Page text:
Throw the Flag is showing that University of South Carolina’s freshman defensive standout Jadeveon Clowney is likely running afoul of NCAA by-laws prohibiting the use of a student-athlete’s likeness to promote a business or for-profit enterprise. Here’s a flyer for a Christmas-season birthday party hosted by the Gamecocks’ own Cee Cee Whitlock & JaDeveon “Doo Doo” Clowney.”
The NCAA by-laws apparently being violated here:
The rules in question are 126.96.36.199 and 188.8.131.52, respectively:
184.108.40.206 Advertisements and Promotions After Becoming a Student-Athlete. After becoming a student-athlete, an individual shall not be eligible for participation in intercollegiate athletics if the individual:
(a) Accepts any remuneration for or permits the use of his or her name or picture to advertise, recommend or promote directly the sale or use of a commercial product or service of any kind; or
(b) Receives remuneration for endorsing a commercial product or service through the individual’s use of such product or service.
220.127.116.11 Use of a Student-Athlete’s Name or Picture Without Knowledge or Permission. If a student-athlete’s name or picture appears on commercial items (e.g., T-shirts, sweatshirts, serving trays, playing cards, posters) or is used to promote a commercial product sold by an individual or agency without the student-athlete’s knowledge or permission, the student-athlete (or the institution acting on behalf of the student-athlete) is required to take steps to stop such an activity in order to retain his or her eligibility for intercollegiate athletics. Such steps are not required in cases in which a student-athlete’s photograph is sold by an individual or agency (e.g., private photographer, news agency) for private use.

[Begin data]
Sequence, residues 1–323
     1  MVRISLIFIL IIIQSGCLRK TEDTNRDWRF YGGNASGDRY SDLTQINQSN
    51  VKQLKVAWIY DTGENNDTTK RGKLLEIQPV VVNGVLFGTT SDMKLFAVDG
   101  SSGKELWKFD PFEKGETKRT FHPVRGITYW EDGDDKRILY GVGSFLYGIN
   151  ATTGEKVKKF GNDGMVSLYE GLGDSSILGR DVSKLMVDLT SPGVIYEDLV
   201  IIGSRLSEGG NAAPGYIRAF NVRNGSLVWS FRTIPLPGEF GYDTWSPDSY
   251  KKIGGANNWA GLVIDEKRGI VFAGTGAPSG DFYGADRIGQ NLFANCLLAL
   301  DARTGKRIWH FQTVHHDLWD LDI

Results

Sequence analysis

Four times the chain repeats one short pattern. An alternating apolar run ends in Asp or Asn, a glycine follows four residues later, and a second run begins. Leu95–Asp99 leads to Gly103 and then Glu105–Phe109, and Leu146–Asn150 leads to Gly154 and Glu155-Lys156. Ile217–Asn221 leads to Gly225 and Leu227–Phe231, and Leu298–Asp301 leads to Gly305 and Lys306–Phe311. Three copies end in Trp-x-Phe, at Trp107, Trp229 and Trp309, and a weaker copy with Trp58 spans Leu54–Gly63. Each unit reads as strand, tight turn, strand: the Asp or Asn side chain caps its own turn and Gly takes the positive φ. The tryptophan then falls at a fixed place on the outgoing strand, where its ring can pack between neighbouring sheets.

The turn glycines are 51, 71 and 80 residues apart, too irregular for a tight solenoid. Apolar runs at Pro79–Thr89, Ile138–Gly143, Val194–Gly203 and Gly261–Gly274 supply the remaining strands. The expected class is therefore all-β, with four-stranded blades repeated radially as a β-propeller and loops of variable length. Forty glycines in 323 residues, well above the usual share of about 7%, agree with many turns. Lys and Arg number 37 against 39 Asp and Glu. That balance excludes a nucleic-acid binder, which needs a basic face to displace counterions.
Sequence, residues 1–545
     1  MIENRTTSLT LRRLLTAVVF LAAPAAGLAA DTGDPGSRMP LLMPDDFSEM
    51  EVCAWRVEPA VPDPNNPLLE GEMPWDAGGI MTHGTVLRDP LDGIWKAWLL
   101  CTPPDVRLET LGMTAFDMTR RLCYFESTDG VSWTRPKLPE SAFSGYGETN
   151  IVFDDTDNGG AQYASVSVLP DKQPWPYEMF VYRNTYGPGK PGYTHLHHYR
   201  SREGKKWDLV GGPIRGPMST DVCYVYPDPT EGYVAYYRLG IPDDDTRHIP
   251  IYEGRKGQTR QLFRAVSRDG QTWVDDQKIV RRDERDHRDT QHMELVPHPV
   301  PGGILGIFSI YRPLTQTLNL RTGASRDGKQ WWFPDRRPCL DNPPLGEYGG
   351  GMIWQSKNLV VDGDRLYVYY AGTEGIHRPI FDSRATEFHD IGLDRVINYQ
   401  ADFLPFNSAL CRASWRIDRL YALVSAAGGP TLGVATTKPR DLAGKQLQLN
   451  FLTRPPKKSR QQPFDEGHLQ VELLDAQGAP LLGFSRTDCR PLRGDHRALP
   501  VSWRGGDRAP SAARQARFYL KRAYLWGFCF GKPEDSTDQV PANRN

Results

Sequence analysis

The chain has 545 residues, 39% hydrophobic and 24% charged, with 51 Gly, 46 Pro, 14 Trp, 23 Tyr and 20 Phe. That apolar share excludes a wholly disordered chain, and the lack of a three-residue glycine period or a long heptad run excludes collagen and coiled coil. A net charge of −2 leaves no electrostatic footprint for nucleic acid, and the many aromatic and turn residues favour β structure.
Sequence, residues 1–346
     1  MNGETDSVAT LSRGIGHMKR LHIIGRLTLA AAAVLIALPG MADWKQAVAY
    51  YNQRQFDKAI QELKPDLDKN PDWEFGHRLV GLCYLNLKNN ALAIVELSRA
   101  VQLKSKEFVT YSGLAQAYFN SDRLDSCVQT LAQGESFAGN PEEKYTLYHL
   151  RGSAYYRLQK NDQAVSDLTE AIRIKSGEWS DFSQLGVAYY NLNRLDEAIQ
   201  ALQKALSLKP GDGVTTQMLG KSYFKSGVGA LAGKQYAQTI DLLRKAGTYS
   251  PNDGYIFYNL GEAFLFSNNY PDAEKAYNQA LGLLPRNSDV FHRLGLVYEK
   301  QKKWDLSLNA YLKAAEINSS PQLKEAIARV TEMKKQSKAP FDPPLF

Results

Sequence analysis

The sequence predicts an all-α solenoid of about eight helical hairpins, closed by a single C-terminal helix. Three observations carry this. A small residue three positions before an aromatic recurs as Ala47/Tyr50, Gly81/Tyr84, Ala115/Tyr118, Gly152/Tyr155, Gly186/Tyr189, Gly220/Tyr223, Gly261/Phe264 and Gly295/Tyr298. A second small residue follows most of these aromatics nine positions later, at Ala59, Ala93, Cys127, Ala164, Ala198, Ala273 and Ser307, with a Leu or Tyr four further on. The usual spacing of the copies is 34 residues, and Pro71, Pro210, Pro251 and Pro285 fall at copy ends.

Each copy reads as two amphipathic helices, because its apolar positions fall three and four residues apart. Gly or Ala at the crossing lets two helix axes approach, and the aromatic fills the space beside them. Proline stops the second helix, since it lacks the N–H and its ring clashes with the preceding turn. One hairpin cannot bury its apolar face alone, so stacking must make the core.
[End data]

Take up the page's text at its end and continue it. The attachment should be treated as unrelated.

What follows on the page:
Statements obtained by IBCR from the NCAA indicate that while this may be a technical violation of rules implemented to prevent businesses from exploiting student-athletes’ athletics reputation, there is rarely an eligibility consequence if the student-athlete doesn’t know or permit the activity and he or the school take steps to end it. “There would be no eligibility consequences for the student-athlete as long as they did not have any knowledge and the school issues a cease and desist notice,” NCAA spokeswoman Stacy Osburn told IBCR last August, in connection with the T-Town Menswear non-story.
IBCR has also reviewed summaries for nearly two dozen cases similar to the Clowney (and TTMW) story. The case summaries were provided as a courtesy by Dr. Anastasios Kaburakis, Assistant Professor of Management and Sports Business in the John Cook School of Business at
Saint Louis University.
Not one of them produced permanent losses of eligibility or major infractions cases against the schools involved.
Nevertheless, Throw the Flag’s find is significant in that South Carolina recently admitted to a series of major infractions in connection with an improper benefits case involving lodging and other violations, and is considered a repeat violator under NCAA by-laws.